Make something as close to the original recipe as possible, observe all the stages and results, and then make it again, changing one variable at a time. Use all your senses, even your hearing. A well-bulked dough has a sound to it!

Also have fun and don’t be afraid of failure. Bakers (myself included) are often extremely critical of their product. I try to remind myself that I can’t control everything.

Plus, messed-up looking bread usually tastes amazing anyway, and hopefully I’ve learned something, even if it is just that chaos and mystery sometimes prevail.

Q: What’s one of the most challenging sourdough projects you’ve taken on, and what happened when you did?

Last spring I embarked on an open crumb whole grain sourdough project. I tested different wheats, milling and gluten development techniques over nine bakes and sixteen loaves. I struggled to keep all but one variable constant in the tests and to interpret the results accurately.

At one point my husband half-jokingly suggested I find software to analyze the negative space in my bread photos, because I was obsessing so hard over which of three test loaves had a more open crumb structure (less dense).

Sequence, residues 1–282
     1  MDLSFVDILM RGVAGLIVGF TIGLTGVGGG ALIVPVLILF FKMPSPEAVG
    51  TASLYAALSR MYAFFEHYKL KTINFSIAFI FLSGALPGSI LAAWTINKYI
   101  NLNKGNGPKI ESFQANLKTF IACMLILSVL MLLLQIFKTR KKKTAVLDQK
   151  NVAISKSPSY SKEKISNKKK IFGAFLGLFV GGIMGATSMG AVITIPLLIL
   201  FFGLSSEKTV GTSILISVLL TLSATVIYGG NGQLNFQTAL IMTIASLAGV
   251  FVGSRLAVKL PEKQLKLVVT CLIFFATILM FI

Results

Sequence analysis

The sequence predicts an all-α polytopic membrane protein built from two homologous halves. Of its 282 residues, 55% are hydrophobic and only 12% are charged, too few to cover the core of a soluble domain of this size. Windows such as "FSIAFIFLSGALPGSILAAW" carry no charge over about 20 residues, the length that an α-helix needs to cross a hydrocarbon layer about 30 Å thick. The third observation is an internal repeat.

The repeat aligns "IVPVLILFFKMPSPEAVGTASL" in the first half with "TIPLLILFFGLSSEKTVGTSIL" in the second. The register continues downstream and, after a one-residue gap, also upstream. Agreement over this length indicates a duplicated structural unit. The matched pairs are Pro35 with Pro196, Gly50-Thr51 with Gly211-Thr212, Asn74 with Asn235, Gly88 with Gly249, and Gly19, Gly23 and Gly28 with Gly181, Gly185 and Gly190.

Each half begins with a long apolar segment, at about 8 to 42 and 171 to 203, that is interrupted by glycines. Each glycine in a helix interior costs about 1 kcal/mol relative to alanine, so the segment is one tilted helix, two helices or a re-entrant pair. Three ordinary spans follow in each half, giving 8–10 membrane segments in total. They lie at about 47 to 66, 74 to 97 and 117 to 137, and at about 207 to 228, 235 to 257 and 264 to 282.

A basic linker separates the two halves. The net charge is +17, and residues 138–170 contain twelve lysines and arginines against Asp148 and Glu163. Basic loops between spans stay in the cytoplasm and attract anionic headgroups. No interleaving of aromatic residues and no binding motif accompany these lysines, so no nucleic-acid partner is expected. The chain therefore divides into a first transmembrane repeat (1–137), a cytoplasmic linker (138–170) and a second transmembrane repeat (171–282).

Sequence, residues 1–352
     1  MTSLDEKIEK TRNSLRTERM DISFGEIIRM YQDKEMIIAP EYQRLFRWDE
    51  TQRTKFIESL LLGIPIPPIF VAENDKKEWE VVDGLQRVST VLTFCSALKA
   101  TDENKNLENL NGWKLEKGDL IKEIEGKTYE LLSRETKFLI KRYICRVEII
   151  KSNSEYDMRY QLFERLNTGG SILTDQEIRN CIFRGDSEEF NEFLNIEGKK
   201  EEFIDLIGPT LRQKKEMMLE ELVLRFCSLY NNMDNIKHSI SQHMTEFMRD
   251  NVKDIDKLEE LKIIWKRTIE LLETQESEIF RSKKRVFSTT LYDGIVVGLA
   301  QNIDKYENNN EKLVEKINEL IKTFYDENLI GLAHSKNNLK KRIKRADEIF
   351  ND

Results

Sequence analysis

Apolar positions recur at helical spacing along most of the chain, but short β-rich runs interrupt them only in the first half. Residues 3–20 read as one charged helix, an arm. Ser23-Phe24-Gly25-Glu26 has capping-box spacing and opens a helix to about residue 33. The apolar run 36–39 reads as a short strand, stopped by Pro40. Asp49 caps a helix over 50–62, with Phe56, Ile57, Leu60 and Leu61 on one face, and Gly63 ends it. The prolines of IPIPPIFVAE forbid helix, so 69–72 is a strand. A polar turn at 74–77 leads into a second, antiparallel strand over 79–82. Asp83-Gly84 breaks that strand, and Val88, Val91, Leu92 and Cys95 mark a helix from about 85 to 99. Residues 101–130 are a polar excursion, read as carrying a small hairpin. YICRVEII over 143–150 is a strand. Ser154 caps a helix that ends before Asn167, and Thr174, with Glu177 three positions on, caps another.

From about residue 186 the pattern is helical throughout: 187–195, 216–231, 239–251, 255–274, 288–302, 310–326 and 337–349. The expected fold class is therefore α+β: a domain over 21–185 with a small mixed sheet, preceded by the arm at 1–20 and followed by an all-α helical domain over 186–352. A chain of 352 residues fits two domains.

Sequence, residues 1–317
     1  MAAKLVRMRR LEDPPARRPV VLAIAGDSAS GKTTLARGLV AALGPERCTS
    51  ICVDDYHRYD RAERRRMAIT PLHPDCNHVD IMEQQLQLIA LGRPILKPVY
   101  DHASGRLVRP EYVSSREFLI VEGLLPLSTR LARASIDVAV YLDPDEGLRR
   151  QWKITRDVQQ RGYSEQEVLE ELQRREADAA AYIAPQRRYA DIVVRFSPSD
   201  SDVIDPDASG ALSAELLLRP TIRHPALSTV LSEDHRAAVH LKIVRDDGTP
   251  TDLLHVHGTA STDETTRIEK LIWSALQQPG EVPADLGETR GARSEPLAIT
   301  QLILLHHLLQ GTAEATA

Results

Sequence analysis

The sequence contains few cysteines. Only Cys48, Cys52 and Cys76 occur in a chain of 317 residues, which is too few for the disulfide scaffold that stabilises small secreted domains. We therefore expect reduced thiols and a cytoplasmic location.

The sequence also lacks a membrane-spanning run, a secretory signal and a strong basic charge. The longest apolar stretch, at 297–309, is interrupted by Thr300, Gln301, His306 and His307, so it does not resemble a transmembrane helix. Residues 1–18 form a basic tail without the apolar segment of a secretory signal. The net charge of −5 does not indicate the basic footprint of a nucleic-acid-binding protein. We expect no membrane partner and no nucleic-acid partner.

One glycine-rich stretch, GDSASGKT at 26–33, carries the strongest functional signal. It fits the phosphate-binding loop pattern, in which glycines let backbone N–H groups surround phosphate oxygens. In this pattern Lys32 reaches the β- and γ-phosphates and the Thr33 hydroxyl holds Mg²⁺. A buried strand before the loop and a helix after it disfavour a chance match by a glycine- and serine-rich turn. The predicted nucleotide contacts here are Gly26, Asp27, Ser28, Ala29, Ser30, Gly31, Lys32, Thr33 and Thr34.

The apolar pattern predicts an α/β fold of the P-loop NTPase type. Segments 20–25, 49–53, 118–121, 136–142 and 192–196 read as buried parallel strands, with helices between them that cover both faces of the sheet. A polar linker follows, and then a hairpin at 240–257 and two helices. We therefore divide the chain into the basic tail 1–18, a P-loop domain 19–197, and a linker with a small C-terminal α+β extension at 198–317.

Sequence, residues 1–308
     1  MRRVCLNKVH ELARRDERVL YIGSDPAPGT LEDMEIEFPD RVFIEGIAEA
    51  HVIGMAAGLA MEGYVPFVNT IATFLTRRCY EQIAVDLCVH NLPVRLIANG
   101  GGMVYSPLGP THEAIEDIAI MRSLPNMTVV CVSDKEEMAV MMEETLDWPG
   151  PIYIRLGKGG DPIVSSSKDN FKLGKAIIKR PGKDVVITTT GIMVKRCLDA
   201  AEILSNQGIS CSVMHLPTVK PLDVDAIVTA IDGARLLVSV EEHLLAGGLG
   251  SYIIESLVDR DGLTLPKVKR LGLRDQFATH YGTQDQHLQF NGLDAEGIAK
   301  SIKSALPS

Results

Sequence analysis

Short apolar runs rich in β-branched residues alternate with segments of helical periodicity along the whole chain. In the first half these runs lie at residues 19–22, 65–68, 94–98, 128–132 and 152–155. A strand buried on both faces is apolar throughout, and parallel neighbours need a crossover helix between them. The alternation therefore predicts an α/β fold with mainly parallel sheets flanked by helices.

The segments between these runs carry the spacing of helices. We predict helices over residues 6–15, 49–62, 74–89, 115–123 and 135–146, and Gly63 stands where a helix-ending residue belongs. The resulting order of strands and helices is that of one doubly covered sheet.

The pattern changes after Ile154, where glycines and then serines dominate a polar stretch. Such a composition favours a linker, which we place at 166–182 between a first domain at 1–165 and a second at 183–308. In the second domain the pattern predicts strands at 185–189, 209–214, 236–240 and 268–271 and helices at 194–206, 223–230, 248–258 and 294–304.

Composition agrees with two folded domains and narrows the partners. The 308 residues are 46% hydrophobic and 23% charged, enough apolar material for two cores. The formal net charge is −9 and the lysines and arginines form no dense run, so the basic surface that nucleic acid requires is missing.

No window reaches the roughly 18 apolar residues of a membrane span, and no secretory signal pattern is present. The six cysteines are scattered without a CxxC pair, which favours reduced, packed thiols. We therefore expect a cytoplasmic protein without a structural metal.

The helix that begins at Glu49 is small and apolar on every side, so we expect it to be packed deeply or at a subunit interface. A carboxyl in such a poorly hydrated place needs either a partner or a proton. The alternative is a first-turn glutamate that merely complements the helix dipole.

Q: Tell me about any professional experience you’ve had with sourdough bread.

A couple of years ago, I was recruited off the Breadtopia message board to develop, write and photograph recipes for them. I had been sharing photos and recipes that I created. My professional background is in writing and editing, and I’ve worked at the photography element of recipe development by studying images I find compelling, and also thinking about what I’m dying to see when I follow a recipe (e.g. before and after photos of the final proof).

This past fall, I also developed a [commercial] yeast artisan bread recipe for the Challenger Breadpan. That was a cool project because I was using a prototype of a unique cast iron pan, learning to work with yeast and putting myself back in the mindset of a total beginner.

Q: This one’s from a reader: do you have any advice for the baker who’s hearing she should sell her bread, but she just has a home kitchen? How do you scale your baking up for bake sales, giving away, parties, etc.? Do you freeze them? Any tips?

New Jersey is the only state left in the U.S. that doesn’t have a cottage food law allowing people to get licensed to sell food they’ve prepared in their home kitchens, so I haven’t gone that route with my baking.